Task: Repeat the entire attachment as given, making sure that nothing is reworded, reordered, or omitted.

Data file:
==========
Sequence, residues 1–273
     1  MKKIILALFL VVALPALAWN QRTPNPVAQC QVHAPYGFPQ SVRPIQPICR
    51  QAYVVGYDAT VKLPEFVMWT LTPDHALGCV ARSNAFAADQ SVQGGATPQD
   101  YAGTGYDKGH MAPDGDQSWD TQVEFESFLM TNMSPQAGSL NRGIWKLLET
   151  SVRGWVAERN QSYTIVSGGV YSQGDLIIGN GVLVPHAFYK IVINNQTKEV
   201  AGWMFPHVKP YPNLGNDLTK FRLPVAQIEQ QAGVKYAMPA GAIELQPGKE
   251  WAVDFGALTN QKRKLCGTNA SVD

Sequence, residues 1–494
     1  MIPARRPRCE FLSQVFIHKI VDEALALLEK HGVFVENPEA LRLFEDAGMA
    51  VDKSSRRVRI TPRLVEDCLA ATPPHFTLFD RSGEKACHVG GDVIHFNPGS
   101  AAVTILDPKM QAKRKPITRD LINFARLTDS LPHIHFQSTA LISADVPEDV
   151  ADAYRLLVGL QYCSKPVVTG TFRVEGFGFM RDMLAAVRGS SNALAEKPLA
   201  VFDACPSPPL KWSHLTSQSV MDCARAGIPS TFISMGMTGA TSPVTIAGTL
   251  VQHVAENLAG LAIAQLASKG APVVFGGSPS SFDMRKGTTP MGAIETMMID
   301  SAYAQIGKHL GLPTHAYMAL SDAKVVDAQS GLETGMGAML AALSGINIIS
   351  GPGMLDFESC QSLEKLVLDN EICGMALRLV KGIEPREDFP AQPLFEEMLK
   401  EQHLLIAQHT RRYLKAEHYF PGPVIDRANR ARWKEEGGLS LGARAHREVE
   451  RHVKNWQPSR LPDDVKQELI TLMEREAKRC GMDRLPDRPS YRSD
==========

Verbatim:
Sequence, residues 1–273
     1  MKKIILALFL VVALPALAWN QRTPNPVAQC QVHAPYGFPQ SVRPIQPICR
    51  QAYVVGYDAT VKLPEFVMWT LTPDHALGCV ARSNAFAADQ SVQGGATPQD
   101  YAGTGYDKGH MAPDGDQSWD TQVEFESFLM TNMSPQAGSL NRGIWKLLET
   151  SVRGWVAERN QSYTIVSGGV YSQGDLIIGN GVLVPHAFYK IVINNQTKEV
   201  AGWMFPHVKP YPNLGNDLTK FRLPVAQIEQ QAGVKYAMPA GAIELQPGKE
   251  WAVDFGALTN QKRKLCGTNA SVD

Sequence, residues 1–494
     1  MIPARRPRCE FLSQVFIHKI VDEALALLEK HGVFVENPEA LRLFEDAGMA
    51  VDKSSRRVRI TPRLVEDCLA ATPPHFTLFD RSGEKACHVG GDVIHFNPGS
   101  AAVTILDPKM QAKRKPITRD LINFARLTDS LPHIHFQSTA LISADVPEDV
   151  ADAYRLLVGL QYCSKPVVTG TFRVEGFGFM RDMLAAVRGS SNALAEKPLA
   201  VFDACPSPPL KWSHLTSQSV MDCARAGIPS TFISMGMTGA TSPVTIAGTL
   251  VQHVAENLAG LAIAQLASKG APVVFGGSPS SFDMRKGTTP MGAIETMMID
   301  SAYAQIGKHL GLPTHAYMAL SDAKVVDAQS GLETGMGAML AALSGINIIS
   351  GPGMLDFESC QSLEKLVLDN EICGMALRLV KGIEPREDFP AQPLFEEMLK
   401  EQHLLIAQHT RRYLKAEHYF PGPVIDRANR ARWKEEGGLS LGARAHREVE
   451  RHVKNWQPSR LPDDVKQELI TLMEREAKRC GMDRLPDRPS YRSD